New challenges for next generation public sector providers
To meet the challenge of delivering local services with less money, councils need to be asking the market for different kinds of support, writes Campbell McDonald, Director of Public Sector Practice at Baxi Partnership.
Radical restructuring of how local services are delivered increasingly looks inevitable for every council who want to make their numbers work over the next five years.
There seems to be a growing realisation that salami-slicing services is not a solution that will last the course and more fundamental alternatives must at least be explored. Whether sharing officers or merging departments, be you a co-operative council or a commissioning council, deeper structural reform is being considered if not enacted almost everywhere you look.
Ultimately that process is going to involve the creation of new organisations of many and varied descriptions, be they in-house teams spinning out into new mutuals, the rise of a thriving local and regional economy of social enterprises vying alongside more traditional commercial providers to win contracts, or entirely unseen before species of joint ventures and partnerships that will stretch old definitions of public and private sectors to the limit.
However, this brave new world will throw up challenges as well as opportunities that local authorities – and those who supply them – should be ready for. Local government is already in a Jacob and the angel-style struggle to get exactly what it needs from the market, but that battle of wills and intent will get tougher before it gets easier on both the supply and demand sides.
On the supply side, providers of services to and for local government are already starting to change gear in terms of what they offer – but there is still a long way to go. Anything that can help drive efficiencies with what’s already there will always be welcomed with open arms, particularly where suppliers are prepared to work for a percentage of that which they help to save.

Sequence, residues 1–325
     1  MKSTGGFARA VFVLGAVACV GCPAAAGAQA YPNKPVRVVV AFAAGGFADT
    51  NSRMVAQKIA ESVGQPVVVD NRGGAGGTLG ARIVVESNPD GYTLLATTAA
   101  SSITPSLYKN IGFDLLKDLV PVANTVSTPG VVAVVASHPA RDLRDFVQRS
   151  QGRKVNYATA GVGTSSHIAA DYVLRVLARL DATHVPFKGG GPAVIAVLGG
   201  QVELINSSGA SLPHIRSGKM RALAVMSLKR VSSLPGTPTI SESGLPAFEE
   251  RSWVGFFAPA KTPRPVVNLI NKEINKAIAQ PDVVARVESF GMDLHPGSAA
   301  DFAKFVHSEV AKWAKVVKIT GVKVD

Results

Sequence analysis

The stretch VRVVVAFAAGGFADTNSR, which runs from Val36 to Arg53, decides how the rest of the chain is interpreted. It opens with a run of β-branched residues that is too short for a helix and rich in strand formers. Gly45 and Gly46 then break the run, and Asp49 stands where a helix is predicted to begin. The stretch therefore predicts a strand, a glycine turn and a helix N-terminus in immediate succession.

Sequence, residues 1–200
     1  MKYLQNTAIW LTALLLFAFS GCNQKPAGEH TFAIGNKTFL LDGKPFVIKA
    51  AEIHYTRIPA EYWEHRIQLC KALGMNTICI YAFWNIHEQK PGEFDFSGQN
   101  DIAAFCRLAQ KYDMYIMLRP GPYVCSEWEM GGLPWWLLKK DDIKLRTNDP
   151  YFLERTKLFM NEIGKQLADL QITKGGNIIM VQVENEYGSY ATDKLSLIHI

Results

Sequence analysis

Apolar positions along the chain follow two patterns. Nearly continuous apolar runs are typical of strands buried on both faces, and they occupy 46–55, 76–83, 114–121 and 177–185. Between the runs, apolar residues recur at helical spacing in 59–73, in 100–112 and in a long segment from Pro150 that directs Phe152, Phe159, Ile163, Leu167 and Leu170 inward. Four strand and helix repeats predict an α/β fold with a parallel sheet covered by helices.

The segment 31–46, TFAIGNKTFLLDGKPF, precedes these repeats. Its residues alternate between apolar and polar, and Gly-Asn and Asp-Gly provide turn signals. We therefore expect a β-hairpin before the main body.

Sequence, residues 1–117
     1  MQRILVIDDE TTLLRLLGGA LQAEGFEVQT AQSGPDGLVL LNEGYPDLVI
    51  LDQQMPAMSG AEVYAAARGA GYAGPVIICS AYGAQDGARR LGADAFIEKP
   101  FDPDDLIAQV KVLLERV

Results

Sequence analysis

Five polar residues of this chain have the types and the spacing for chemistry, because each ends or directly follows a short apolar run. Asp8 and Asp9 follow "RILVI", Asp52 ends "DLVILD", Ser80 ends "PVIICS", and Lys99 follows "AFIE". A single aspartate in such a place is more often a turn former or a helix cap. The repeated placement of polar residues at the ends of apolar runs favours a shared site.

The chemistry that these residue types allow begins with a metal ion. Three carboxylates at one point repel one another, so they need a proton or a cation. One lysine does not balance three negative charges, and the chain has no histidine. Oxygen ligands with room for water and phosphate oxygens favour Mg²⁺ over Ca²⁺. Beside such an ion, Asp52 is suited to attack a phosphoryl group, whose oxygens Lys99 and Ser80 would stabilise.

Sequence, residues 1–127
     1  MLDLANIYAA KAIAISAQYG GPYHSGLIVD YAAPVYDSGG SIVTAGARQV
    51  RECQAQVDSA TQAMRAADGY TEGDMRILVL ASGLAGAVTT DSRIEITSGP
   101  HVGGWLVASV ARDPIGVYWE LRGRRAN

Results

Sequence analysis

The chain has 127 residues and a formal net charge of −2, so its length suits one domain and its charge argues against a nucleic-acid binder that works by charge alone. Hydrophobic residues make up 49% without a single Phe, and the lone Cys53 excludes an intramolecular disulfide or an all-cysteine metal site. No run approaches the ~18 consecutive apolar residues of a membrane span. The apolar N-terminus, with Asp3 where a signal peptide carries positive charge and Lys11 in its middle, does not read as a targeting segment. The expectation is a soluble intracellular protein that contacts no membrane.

Yet as options appraisals throw up new alternatives there will be a growing need for additional expertise around designing and setting up special purpose vehicles and partnerships, around raising capital and investment, around achieving the levels of behaviour change that will secure necessary service improvement, and around providing the ongoing hands-on commercial support these new providers desperately need to survive and thrive.
In the same vein, suppliers will also need to think more and more beyond a straight-forward contract model of doing business with local government. As the state puts more on the table in terms of people, assets and whole new markets in service delivery, so they should be looking to suppliers to show that they are prepared to make greater commitments to sustainable success – to be prepared to put some skin in the game.
On the demand side, local government must get better at ensuring it gets what it really needs from the market. That means enlightened commissioning which has the courage to back new delivery models and the nous to pick good partners from bad and create new ways for suppliers to demonstrate their ultimate motives are as aligned as possible.
Councils would also benefit hugely from thinking more broadly about how they create and continue to support a thriving local market place in service delivery. In part, that means recognising that new organisations will have no local hands on support anymore from RDAs or Business Links.
Beyond that, every time an authority awards contracts to large out-of-area suppliers they not only transfer capital value outside of their local economy but also court the opportunity cost of not deploying local providers who bring a positive economic and often social footprint. A greater focus on a level playing field in market locality would go a long way to securing the long-term success of radical reform of service delivery.
This article will run in the LGA Annual Conference Publication, where the Public Sector Team at Baxi Partnership will be running workshops and exhibiting on 27th June at the ICC in Birmingham. To talk to us about public sector spin outs, contact Campbell McDonald, Director of Public Sector Practice, Baxi Partnership on 07879 466959, or email email@example.com.